A little while I back I posted a link to Thom Rainer’s proposed sketch of the “life of a pastor” and a pastor-friend of mine wrote me an insightful, substantive letter. I’ve delayed this until today for a simple reason: it’s Monday, it’s the first week of Advent when pastors can often feel like they’ve about had enough — and lots of new sermons to prepare and Christmas services … and, well, I thought today was a good day for pastors to think about the “life cycle of a pastor.”
Questions: Pastors, what were your major transitions? What got your through? Were you prepared for this in seminary?
I found Rainer’s timeline for pastor’s interesting. I wonder what data he is using, or if it is personal observation. There’s actually a fair bit of research on this, and the time lines I’ve seen are a bit different and more complex.
In time lines I’ve seen, the crisis comes at years 4-7, and it’s personal in nature. Am I really called to this? Do I have what it takes? I think everyone I know well enough to know that graduated with me from seminary had a crisis of this sort in this time frame–folks like X, Y, Z and others. I’ll never forget Matt’s words as he considered quitting the pastorate–“I’d just like to enjoy a little success again,” he said. I knew exactly what he meant, because I was feeling the exact same thing (even though in many ways I was very successful–just didn’t match the models I was using or the scale I was used to). Maybe because I have a pretty high pain tolerance, I made it to year 8.If one makes it through this, then I think years 8 to 12 are probably years of growth, or maybe more specifically years of healing towards the end of growth. Then in the studies I’ve seen (I forget the specifics and sources–maybe Alban Institute?) somewhere between years 10 and 14 you can expect a major pastoral crisis, different from the personal crisis earlier. This will generally be parish related, and congregational in nature.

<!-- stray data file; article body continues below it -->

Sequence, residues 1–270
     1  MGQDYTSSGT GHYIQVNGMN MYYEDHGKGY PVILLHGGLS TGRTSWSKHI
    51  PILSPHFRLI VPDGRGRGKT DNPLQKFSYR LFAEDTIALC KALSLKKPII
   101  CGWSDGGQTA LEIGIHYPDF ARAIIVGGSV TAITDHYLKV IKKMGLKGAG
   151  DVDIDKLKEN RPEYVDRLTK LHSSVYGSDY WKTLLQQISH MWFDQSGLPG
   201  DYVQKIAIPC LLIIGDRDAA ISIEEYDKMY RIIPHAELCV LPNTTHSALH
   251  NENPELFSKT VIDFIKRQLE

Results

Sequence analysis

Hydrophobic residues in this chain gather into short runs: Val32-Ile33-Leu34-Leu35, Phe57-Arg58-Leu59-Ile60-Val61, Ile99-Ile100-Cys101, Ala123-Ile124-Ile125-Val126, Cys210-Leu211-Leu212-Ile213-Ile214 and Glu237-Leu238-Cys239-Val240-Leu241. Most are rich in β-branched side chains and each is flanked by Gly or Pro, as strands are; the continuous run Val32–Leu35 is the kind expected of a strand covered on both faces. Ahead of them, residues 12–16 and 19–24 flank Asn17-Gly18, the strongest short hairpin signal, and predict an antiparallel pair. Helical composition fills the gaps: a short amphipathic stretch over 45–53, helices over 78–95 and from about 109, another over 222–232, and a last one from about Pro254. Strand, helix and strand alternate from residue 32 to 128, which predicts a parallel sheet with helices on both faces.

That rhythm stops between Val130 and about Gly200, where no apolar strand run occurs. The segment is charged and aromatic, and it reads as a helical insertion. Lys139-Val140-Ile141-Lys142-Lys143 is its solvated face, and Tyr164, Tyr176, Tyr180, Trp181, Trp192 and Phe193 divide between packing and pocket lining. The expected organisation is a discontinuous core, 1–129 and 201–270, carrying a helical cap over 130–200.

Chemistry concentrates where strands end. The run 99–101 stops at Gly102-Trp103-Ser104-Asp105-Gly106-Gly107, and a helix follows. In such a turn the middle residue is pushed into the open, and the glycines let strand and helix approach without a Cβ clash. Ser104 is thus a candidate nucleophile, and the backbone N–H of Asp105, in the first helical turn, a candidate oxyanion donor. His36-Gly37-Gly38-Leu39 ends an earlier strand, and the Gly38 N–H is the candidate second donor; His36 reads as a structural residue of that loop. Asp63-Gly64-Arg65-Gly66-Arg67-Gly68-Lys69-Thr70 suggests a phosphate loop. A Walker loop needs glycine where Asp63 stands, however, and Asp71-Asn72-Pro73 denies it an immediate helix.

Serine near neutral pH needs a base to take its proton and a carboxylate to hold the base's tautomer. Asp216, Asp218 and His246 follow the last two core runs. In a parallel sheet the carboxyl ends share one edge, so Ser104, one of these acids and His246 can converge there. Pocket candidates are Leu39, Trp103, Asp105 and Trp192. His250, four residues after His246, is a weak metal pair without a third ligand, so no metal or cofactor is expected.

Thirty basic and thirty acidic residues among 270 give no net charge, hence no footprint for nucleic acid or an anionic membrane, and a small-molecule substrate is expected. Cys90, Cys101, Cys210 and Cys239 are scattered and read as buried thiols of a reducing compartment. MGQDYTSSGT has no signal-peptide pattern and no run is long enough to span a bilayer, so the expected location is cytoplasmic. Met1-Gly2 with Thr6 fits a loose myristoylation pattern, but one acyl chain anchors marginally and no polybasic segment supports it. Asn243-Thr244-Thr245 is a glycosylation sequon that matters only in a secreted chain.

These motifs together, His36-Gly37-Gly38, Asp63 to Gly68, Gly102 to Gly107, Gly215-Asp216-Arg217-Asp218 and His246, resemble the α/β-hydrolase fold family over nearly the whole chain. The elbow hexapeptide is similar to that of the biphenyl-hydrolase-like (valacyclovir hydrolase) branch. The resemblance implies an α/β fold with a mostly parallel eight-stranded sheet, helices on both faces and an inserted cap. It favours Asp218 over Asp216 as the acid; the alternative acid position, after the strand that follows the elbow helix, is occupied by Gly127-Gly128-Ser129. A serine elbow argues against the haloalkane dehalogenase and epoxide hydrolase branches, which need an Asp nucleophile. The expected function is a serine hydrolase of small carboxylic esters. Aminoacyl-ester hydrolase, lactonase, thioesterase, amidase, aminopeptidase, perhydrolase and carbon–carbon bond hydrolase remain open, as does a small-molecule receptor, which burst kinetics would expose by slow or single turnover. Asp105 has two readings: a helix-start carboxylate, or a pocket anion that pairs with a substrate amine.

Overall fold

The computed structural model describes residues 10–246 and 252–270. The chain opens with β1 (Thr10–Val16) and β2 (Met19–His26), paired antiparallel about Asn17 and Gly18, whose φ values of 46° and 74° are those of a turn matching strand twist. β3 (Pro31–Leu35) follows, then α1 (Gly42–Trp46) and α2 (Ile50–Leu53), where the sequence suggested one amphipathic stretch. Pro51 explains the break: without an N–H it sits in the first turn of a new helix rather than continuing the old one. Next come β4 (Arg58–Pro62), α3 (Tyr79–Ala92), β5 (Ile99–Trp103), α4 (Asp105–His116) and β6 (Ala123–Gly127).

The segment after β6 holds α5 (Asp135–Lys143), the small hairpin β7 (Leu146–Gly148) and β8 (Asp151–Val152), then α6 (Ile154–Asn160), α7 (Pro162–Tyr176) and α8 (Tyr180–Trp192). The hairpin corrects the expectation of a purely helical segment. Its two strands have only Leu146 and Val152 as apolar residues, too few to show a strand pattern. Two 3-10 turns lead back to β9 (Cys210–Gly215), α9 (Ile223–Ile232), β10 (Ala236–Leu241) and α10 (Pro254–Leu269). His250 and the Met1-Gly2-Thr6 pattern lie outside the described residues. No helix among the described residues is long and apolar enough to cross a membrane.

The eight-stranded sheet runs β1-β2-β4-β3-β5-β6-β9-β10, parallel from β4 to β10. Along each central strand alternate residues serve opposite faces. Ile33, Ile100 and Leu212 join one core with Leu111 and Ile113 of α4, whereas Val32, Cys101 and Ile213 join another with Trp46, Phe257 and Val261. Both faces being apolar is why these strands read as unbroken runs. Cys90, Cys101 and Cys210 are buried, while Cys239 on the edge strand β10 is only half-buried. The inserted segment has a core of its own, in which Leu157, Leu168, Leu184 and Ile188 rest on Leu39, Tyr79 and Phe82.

A lot of times at about this point a pastor will again be losing confidence in himself. He may well wonder what if any real fruit has come from his ministry–and from what I’ve read, mega pastors are not exempt from this and in some way perhaps particularly vulnerable to it. The really interesting thing is that if a pastor makes it through this crisis, people’s confidence in him will actually grow. So he is in a structural position to do his best work, but personally may lose the will to do so. There can be a fundamental disconnect, and a loss of both vitality and effectiveness.
I’m not sure what it looks like after that. I do know that right now I face probably my second biggest crisis of calling. Am I called to pastor a church larger than 400? The more I read about what it takes to do so, I’m not sure why anyone would want to (ie, bigger churches take a lot more money to run, so the “sr. pastor”–I think Jesus would hate that name–has to focus on hob knobbing with a very specific set of moneyed folks which now by his success he most naturally relates too… I’ve heard it from one megapastor after another for years now and it just feels so… icky. So un-Christlike. IMHO). But I’m in a position where I need to do that or move on, and my dear wife doesn’t want to move on, and having just built a big building with more debt than I’d like I can’t really leave because the ensuing instability could sink the congregation.
So I guess the process probably repeats itself, which would make a lot of sense.